I figured I'd better write something about the archeworks program I've been apart of. I got into this idea of alternative design after watching the video in architecture theory & crit class about Samuel Mockbee. His Rural Studio looked so cool, I wanted to do it, or something similar. So I started researching all the different alternative design+ social need schools, and that landed me in Chicago at Archeworks.

Anyway, now Archeworks is pretty much done. A little overview of my project: The particular project that I have been working on has changed hugely over the course of the year. Initially it was about how to contact diverse and hard to reach populations during emergency situations in the city. It was a vague project description, so my group essentially had to figure out what the problem was before we could do any sort of solving/designing. We ended up focusing in on a specific neighborhood and working with two community organizations on putting together an event that dealt with neighborhood violence, especially gang violence. The idea was that there are immediate "emergencies" that need to be taken care of before any talk of possible disaster infustructure can even be addressed. So, we both helped with anti-violence stuff for this one neighborhood, and also discussed with a few city officials implementation of community organizations/non-profits as disseminators and actively respected organizations that should have good communication with the city government.

You guys should check out our website! It's

I designed the official posters... "poster" button on the "learn about the event" side of the website. They also double as stencils, which I am trying to upload an image, but it's not working right now...hmmm. okay, technical difficulties...more later...!


are you a Post Materialist?

I just ran across a term that I liked...


it's a person that spends their money on experiences rather than stuff. SO, instead of following the traditional model: 1) go to college 2) get a degree that gets you a job 3) get a job 4) begin building wealth 5) are you bored? too bad! you are going to stay at that company and make money that buys stuff for the next 30 yrs!!!! brwaaa ha hahahaa!

...instead the post materialist goes to college because they are intrigued, get a degree in the subject that intrigued them the most, then they end up working short stints at many places and quiting to travel/work on personal projects/do stuff. They don't get bored, they might tend to be slightly nomadic, hippie-ish, etc.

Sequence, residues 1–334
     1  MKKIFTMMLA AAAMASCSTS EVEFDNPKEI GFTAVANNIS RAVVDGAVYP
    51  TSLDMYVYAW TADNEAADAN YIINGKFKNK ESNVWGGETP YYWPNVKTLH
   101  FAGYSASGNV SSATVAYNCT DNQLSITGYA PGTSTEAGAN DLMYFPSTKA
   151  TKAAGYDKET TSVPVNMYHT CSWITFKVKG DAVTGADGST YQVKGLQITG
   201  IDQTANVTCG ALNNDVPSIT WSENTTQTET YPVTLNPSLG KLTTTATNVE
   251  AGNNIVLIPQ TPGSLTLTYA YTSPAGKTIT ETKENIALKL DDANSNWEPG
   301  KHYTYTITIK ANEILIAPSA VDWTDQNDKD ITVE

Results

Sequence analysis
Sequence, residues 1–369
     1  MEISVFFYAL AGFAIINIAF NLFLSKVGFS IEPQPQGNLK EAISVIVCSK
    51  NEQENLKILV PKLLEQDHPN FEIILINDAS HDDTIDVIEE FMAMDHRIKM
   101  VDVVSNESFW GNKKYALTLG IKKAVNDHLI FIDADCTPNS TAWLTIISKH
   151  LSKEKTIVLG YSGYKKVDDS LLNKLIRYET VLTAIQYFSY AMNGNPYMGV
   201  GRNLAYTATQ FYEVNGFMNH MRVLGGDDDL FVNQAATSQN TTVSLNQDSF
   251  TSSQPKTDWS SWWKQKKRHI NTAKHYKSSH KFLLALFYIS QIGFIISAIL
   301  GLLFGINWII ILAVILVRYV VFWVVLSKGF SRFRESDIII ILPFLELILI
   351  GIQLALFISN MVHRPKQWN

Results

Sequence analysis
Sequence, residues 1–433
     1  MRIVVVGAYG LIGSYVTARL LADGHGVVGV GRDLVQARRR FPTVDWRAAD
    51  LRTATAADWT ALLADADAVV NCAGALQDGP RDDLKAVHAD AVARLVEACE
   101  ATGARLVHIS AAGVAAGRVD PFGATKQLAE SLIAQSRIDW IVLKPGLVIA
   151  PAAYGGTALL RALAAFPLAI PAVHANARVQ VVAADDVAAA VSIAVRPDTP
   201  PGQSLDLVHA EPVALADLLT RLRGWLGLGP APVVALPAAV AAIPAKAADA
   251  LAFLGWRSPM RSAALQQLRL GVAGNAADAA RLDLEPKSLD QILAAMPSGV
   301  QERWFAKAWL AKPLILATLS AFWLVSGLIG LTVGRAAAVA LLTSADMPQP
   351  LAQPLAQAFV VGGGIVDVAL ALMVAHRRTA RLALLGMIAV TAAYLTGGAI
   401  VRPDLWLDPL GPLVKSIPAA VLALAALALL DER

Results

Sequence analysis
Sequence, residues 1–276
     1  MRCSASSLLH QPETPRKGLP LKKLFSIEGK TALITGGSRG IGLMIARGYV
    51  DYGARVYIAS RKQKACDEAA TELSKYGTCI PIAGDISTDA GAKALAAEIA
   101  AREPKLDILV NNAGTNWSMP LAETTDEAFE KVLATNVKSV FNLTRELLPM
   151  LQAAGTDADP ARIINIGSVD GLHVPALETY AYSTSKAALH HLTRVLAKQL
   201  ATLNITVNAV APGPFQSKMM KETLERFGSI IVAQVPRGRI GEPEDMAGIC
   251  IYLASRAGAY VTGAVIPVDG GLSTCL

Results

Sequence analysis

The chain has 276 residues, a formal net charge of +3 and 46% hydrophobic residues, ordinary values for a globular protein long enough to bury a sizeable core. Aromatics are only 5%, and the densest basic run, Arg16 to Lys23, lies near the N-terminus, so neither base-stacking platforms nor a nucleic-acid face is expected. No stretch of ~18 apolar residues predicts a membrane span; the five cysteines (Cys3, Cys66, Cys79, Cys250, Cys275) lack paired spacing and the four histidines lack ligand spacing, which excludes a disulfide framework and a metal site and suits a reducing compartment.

the Post Materialist is a new trend!



ok... so I'm just copying and posting this from my other blog (the one for my church and family). So if things aren't applicable... don't worry about it. I'm just doing this so you guys have an idea of what I'm doing in Ecuador.

Down the valley

HillsideSorry I haven't posted in a while. I've been in the office for a while and haven't done anything thats really that interesting... well... for others. I've had a good time doing stuff, but its been mostly stuff like webdesign, video editing, and other misc. tasks. I'll be posting some of the stuff I've been working on. Actually I have a video up on of one of the general presentations I'm working on. Its a video slide show that generally states what the ministry of Clean Water Projects does.

Eating BreadAbout three weeks ago I went to a community called Lirio San Gonzalo with a work team from Alaska. We were there to construct a spring capture high above the community. They were already using the spring for irrigation and a little bit for drinking water. The spring had softened and cut out a small piece of the hillside. There were plants growing in it... and the water they were getting wasn't protected from contamination in any way. Our department designed a system used to capture the water from the spring with minimal contamination. Its a process of layering semi-permeable geo-textile's to filter out particles, pvc pipes to gather the water, three types of rocks and gravel to give it support, then a non-permeable plastic sheet to keep it safe, then encase it all in concrete to protect it.

DSC_6651I learned a lot about the whole process and whats its like to be on a team. The whole community set aside every morning to work on this project. There were about 40-50 community members working each morning, 7 work team members, and 6 of us from the department. There are two guys from the department who are native Quichuan, and work for HCJB clean water projects as 'technicos,' or technicians. They are described as the best two guys in the country at spring captures. Martin accurately described it as 'an art that few people have mastered.' A lot of their success comes from being able to speak to the Quichuans in Quichua, directing 40-50 people to work together, and bring everyone together to an extremely efficient and effective building team. They cleaned out the spring, dug it back to a clear source, built up a foundations, and captured the spring. It was fun to watch it being executed. It was fun getting in there, getting muddy, tossing rocks, passing cement buckets, pouring cement, catching cement buckets, and just being covered in lots of cement. I had a good cross cultural experience.